Their religion has taught them that witches do exist, and they believe that it is possible for a witch to exist in their midst and for them to be unaware of her (or his) true identity and allegiance to the Devil. The Bible says, "Thou shalt not suffer a witch to live," and so they believe not only in the existence of witches but in their own religious obligation to root them out and hang them. These witches could, theoretically, be anywhere and anyone, regardless of how godly they might seem.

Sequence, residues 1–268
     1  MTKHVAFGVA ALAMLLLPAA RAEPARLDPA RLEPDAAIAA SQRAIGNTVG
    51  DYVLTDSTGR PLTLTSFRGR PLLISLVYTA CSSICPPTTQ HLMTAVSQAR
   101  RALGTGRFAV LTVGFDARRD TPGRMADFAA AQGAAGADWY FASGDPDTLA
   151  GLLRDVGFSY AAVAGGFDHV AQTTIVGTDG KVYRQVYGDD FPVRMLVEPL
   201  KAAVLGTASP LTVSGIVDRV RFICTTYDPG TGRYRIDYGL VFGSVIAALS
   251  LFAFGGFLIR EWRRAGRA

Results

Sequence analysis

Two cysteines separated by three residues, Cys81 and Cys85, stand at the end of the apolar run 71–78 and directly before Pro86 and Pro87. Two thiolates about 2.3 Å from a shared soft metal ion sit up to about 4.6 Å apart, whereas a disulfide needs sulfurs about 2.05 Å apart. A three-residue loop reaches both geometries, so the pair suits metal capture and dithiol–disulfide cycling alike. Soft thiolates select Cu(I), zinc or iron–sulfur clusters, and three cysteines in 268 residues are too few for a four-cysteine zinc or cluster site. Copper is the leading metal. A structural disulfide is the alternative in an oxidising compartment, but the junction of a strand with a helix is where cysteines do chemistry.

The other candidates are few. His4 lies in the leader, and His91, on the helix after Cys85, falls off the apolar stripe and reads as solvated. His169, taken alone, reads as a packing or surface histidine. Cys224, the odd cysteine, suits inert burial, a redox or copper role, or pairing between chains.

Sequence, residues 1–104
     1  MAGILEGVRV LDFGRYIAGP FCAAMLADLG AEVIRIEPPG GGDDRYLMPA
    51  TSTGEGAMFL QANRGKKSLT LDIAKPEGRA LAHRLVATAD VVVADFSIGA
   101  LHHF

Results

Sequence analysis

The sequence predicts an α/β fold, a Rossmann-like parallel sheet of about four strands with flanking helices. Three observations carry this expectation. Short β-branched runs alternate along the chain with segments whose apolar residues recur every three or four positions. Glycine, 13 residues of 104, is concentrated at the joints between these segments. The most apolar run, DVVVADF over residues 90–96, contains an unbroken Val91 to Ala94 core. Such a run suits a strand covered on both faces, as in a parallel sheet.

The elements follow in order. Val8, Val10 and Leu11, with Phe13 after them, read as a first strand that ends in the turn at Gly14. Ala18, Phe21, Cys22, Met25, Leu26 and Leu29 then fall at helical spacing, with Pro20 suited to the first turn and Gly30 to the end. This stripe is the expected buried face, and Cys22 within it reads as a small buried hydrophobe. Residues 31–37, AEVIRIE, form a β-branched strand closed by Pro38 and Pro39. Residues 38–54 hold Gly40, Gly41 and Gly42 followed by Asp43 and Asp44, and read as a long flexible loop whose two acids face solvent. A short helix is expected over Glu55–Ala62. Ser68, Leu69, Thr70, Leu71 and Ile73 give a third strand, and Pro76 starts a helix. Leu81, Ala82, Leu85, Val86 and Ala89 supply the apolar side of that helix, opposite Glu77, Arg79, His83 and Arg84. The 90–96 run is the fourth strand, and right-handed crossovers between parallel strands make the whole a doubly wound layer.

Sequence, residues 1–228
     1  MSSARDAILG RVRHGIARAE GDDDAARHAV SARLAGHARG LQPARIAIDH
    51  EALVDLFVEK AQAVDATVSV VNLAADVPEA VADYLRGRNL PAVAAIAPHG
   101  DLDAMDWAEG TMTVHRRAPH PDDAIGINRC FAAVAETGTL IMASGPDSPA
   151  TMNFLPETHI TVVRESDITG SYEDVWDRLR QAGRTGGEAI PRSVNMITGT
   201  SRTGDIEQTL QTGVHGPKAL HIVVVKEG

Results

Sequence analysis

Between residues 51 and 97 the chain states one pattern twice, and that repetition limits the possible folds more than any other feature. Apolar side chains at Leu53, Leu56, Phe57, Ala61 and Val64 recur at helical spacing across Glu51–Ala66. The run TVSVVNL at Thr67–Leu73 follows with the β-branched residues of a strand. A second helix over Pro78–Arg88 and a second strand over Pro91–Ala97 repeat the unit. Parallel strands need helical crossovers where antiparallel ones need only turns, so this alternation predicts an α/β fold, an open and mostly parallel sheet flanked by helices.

For example, Mrs. Putnam's grief over the loss of seven of her eight children compels her to look for a reason for their deaths. When she is unable to figure out some more practical reason that they died, she assumes that witches must be at fault. Reverend Parris chastises her for sending her daughter to conjure the spirits of the other dead children, but she cries, "I take it on my soul, but who else may surely tell us what person murdered my babies?" For her, and for many Salemites, it is a perfectly logical explanation to assume that witches (and the Devil they serve) could be the source of her misfortunes.